Parenteral nutrition is covered for a beneficiary with permanent, severe pathology of the alimentary tract which does not allow absorption of sufficient nutrients to maintain weight and strength commensurate with the beneficiary’s general condition”.20 There are no specifics for testing or evidence required in the new LCD other than documentation in the medical record must support the above policy statements. Clinicians need to fully document the patient diagnosis, indication and rationale for PN. In other words, clearly tell the story of what the disease process or diagnosis is, how it is affecting nutrient absorption, why does the patient require PN and how long will they need it at home (estimate as accurately as possible) – so that any non-clinician can understand. Medicare requires that therapy be “reasonable and necessary”, and the record must reflect that there is a permanent impairment of the intestinal tract that is not allowing absorption of nutrients, this is the CMS definition of reasonable and necessary. For example, there would likely be no coverage of HPN for clinical situations where enteral therapy would be indicated such as upper GI cancers, neurological impairments, esophageal or gastric outlet obstructions. In these scenarios if there is functioning small bowel capable of absorbing nutrients, PN would probably not be covered.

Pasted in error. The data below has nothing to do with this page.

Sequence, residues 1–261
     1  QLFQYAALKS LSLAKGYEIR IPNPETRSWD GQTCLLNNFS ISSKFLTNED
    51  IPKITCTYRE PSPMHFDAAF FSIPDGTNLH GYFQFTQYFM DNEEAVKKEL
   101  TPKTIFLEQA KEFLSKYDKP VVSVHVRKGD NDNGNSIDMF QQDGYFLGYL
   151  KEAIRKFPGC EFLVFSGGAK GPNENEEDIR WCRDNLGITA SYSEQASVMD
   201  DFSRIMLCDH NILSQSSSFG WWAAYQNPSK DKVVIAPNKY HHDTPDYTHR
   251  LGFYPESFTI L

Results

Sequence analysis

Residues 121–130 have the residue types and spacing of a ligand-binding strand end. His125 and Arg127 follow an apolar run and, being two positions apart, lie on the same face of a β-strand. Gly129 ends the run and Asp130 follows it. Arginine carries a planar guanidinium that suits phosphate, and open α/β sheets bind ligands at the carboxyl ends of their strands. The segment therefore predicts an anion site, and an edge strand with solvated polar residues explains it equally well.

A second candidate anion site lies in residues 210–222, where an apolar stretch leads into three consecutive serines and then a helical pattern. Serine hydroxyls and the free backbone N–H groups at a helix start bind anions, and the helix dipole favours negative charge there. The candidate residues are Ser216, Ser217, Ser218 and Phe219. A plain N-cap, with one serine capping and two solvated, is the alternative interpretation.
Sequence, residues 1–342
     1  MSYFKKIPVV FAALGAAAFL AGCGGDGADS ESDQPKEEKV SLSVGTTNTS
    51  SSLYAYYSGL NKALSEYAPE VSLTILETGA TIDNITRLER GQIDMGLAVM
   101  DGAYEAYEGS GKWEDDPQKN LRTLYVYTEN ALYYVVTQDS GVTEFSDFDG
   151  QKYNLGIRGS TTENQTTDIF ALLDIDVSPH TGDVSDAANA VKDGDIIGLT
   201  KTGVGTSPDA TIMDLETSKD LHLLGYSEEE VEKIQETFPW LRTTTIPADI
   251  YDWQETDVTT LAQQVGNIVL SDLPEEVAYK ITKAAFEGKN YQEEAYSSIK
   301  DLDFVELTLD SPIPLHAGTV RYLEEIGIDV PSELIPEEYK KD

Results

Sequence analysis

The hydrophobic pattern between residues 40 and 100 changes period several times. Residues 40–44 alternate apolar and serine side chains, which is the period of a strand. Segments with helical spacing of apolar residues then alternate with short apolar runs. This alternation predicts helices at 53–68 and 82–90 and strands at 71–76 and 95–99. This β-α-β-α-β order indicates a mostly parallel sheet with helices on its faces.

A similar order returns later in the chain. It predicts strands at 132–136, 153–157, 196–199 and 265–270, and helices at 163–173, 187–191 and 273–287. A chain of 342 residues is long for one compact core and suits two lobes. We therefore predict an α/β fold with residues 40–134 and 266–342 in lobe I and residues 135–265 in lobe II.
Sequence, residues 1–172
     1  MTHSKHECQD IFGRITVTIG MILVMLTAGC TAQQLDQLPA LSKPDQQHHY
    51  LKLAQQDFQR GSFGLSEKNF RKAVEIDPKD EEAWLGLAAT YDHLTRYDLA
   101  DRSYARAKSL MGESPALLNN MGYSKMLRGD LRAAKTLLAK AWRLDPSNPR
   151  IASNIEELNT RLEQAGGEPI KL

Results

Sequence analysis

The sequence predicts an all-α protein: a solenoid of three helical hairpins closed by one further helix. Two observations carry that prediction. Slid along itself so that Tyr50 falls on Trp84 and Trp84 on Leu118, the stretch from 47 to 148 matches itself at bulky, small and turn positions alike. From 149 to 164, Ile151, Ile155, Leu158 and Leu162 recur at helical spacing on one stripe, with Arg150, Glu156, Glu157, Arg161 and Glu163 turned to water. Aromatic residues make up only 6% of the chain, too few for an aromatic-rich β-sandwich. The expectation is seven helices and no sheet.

What Has Changed?

  1. More (not all) Medicare beneficiaries will have access to HPN (Table 1).

The new PN LCD opens with the premise that “When nutritional support other than the oral route is necessary, enteral nutrition (EN) is usually initially preferable to parenteral nutrition…” leading to a new documentation requirement from the treating practitioner stating that enteral nutrition has been considered and is not possible.

“For parenteral nutrition to be considered reasonable and necessary, the treating practitioner must document that enteral nutrition has been considered and ruled out, tried and been found ineffective, or that EN exacerbates gastrointestinal tract dysfunction”.”20

From the author: if a tube feeding failed or cannot be used because it is unsafe or inappropriate then documentation in the record should reflect that, so the prescriber should document in detail why enteral is not able to be used vs. just stating that it cannot be tried with no explanation. Two case examples:

  1. “Patient has ovarian cancer with a partial bowel obstruction due to carcinomatosis tumor burden. Enteral tube feeding is not possible at this time due to tumor involvement; it is estimated she will need PN for at least 4 more months.”
  2. “Patient has been trialed on an enteral formula, but the rate cannot be advanced beyond 30mL/hour without exacerbating nausea and vomiting.  The patient will require PN for the next 3 months at least, and most probably, the rest of his/her life.